- The Washington Times - Monday, December 29, 2003

One might think that after Saturday’s 3-1 home loss to Buffalo coach Glen Hanlon would have his Washington Capitals working on their offense. Guess again.

Hanlon spent yesterday’s entire practice at Piney Orchard stressing defensive zone play to his last-place team which winds up a five-game homestand tonight against Boston.

Hanlon, a coach in the Washington organization for five seasons and an opposing goalie during many of the Caps’ best years, knows the franchise was built on defense. From Washington’s first playoff year (1983) through 2000, its defense averaged sixth in the NHL. Since then, the defense finished 13th, 26th and 12th and is currently 29th despite some improvement since Hanlon replaced the fired Bruce Cassidy on Dec.10. Washington allowed 3.16 goals a game while going 8-18-1-1 under Cassidy compared to a 2.94 goals-against and a 3-2-2 record under former goalie Hanlon.

“To me, defense is a mindset,” Hanlon said. “It’s an emphasis and prioritizing. Unless the defensive posture is a priority, you’ll always struggle with your goals-against.”

Hanlon had the Caps doing 3-on-3 drills close to the net because mistakes there can be killers as shown when the Sabres’ Miroslav Satan took advantage of errors by goalie Olie Kolzig and defenseman Joel Kwiatkowski to tie Saturday’s game late in the first period.

“You can make a bad read 180 feet away and have 180 feet to react to it,” Hanlon explained. “Fifteen feet from your own net, things are compressed. These are the things that you work on at the start of training camp and we’re sort of doing them now.”

Defenseman Brendan Witt, who returned to the lineup against Buffalo after missing Hanlon’s first seven games because of a shoulder injury, likes the coach’s approach.

“The only way we’re going to make a run at the playoffs is if we tighten up our defense,” said Witt, a defensive mainstay during nine years as a Cap. “We’ve gotten away from what this team used to be about. Bruce was more offensive-minded. Glen is getting us back to the fundamentals.”

Hanlon said the addition of new assistant Jay Leach, who filled that role with defensive-minded New Jersey in 2001-2002, gives his defensive focus even more credibility.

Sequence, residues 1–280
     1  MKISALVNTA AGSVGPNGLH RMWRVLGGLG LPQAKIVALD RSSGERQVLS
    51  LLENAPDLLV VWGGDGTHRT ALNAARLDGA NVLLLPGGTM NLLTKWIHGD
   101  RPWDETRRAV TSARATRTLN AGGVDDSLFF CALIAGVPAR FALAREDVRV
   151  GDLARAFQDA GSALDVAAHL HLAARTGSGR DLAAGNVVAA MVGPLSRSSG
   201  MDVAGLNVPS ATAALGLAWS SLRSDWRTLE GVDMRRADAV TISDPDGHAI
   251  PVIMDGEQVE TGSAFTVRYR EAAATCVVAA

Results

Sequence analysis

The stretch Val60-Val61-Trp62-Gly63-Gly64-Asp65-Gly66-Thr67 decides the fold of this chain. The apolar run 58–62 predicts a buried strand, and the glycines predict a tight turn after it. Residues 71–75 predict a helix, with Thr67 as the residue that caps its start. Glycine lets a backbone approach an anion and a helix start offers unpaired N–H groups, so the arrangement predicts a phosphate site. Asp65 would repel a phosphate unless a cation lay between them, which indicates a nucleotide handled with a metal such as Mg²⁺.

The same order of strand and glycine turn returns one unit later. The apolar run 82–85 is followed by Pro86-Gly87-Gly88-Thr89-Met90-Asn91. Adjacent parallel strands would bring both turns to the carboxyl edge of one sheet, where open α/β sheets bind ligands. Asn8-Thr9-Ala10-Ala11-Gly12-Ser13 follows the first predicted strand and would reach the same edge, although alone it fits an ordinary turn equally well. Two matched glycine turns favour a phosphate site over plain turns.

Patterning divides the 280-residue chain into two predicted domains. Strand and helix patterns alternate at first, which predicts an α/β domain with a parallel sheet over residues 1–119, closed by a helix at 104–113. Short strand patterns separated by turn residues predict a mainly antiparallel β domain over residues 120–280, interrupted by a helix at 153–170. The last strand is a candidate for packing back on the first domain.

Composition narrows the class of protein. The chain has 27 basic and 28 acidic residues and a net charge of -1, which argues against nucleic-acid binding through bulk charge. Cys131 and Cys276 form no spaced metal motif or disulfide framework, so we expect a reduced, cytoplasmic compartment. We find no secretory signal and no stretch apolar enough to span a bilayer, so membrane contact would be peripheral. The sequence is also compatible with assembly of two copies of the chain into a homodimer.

“Players think that it’s stifling to be a good defensive team,” Hanlon said. “We want them to think in terms of [the Stanley Cup champion Devils]. If you have a good defensive posture, you get the puck sooner, you’re fresher and you have some room for offensive creativity. If you end up spending 25 seconds in your own zone, when you [finally] get the puck, it’s hard to make an offensive attack and sustain offensive zone play. We want the puck as soon as we can.”

Notes — With Witt back, the Caps sent defenseman Dwayne Zinger down to Portland (Maine) of the American Hockey League. Zinger, 27, called up only because more proven defensemen were hurt, was a pleasant surprise with an assist and a plus-2 defensive rating in seven games.

Forward Brian Willsie didn’t practice because of what was termed a mild concussion that apparently also kept him out of the Buffalo game. Defenseman Jason Doig was excused for personal reasons. It’s believed there was a death in his wife’s family.

Injured center Michael Nylander skated for 45 minutes, a day after being on the ice for an hour. Nylander, who broke his right leg when he went flying into the boards during practice on Oct.3, was originally supposed to be back in four to six weeks. The Caps now say a more realistic timetable was 8-10 weeks. It has been 11 weeks, but Atlanta Falcons quarterback Michael Vick, who suffered an identical injury in August, needed 13 weeks to return to the field. Nylander is expected to return to practice soon and make his 2003-2004 debut in January. Hanlon said when Nylander joins the lineup, center Jeff Halpern will switch to right wing in order to keep his place among the top three lines.

“I’m feeling so much better than I did two weeks ago,” said Nylander, who finished last year with an NHL-high streak of 310 consecutive games. “There’s no doubt in my mind that I’m going to be playing some time, the sooner the better.”

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